The three ladies look comfortable with their drinks, cigarettes and relaxed chat at Bar la Bolera. Are they sisters? Or neighbours and friends? Perhaps both.
Two tables away sits a dapper gentleman of maybe 70. He wears apple green trousers with a matching belt, and a shirt with stripes that ties in nicely. An elegantly stemmed glass of red wine rests in front of him. Occasional sips, languidly taken, lower its crimson level little by little, but never to the point of nothing.
Discreet top-ups are administered by his adult daughter following covert nods to the lady who owns the bar (let’s call her Lola). The gentleman gazes around, unfocused on any single spot behind his dark glasses, wordlessly content.
Victory cries echo from the covered bowls area whence the bar takes its name. The game of Bola Palma is centuries old – a diverting Cantabrian long-term loan that has taken root with its Celtic neighbours in Asturias. Some suggest that pilgrims travelling to Santiago de Compostela brought it with them.
We order cecina con queso de cabra – cured beef circling a charred round of creamy goats cheese, drizzled with extra virgin olive oil (perhaps a touch too much – but there is always white bread to soak it up). It’s a simple concoction that has us all reaching for more, more and more.
Lola’s bar busies up as the sun descends. The village comes alive with kids trawling the streets in search of pokémon (shattering our rural illusion of an untouched Spain). Others pitch down to the well-equipped playground and football ground close by, leaving their parents to drink in the bar. Ours do the same.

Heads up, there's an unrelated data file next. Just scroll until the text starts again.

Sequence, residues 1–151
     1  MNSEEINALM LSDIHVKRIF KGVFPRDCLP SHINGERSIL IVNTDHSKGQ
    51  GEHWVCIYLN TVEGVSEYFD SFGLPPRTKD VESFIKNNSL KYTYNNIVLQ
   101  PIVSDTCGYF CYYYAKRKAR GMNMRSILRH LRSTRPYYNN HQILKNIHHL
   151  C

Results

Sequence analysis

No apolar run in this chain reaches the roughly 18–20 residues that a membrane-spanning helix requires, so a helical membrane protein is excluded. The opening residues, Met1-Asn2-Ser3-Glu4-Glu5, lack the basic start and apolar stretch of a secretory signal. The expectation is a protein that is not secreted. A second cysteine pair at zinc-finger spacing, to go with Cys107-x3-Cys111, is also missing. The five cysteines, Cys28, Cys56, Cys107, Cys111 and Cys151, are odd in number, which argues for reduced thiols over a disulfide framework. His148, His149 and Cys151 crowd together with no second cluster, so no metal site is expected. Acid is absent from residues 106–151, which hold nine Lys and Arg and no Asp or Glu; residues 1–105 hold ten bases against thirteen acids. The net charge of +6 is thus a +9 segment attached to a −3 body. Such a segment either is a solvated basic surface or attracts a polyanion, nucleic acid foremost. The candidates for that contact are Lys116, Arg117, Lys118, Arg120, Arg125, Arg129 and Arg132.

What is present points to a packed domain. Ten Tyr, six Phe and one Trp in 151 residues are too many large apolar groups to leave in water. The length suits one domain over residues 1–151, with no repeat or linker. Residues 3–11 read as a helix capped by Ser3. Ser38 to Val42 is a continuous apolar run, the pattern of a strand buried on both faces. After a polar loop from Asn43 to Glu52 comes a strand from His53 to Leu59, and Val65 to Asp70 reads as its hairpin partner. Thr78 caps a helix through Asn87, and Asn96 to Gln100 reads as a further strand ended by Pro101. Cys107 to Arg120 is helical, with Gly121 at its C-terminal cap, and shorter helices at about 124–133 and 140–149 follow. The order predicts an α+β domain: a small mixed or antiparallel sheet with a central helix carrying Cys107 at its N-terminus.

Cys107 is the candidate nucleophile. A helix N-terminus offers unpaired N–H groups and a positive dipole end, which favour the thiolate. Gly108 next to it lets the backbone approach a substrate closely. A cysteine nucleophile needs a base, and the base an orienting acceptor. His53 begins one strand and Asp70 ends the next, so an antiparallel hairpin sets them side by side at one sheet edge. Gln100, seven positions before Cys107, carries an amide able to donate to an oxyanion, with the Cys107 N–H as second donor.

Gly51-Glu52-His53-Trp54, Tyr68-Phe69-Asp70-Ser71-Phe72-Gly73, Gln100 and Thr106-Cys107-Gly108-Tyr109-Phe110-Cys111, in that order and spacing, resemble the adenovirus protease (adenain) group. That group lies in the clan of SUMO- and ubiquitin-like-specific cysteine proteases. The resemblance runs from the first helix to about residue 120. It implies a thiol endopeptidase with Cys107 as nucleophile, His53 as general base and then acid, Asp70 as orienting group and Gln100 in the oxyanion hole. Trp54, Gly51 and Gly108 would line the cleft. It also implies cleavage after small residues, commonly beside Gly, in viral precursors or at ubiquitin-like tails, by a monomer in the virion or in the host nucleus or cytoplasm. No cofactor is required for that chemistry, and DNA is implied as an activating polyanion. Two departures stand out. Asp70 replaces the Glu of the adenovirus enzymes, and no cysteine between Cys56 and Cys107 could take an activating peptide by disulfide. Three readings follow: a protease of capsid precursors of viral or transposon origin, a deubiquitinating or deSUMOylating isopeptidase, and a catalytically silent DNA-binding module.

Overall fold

Uninitiated we ask for wine and beer. But all around us families prefer sidra (cider), sharing small amounts with practised pourings from above head-height into one thin-glassed tumbler. He or she who pours takes no sip, but passes it on. The drinker takes the mouthful, and tips the rest to the earth. Slowly it goes on.
When nighttime blackens the sky, ladies arrange chairs in a line at the edge of the bar, facing outwards towards the square. Girls take their places and start to dance to the sound of a drumbeat, in preparation for Friday’s Fiesta. Their mothers and grandmothers clap their hands in encouragement.
Later some boys join their friends, and a bagpiper waits for the nod before striking up his music in accompaniment.
The next morning, we stop by for a pre-playa coffee. The apple green gentleman passes by with his dog, then takes a seat with friends. He looks fresh as a daisy. Without a word, a red glassful of wine appears before him. He takes one slow sip.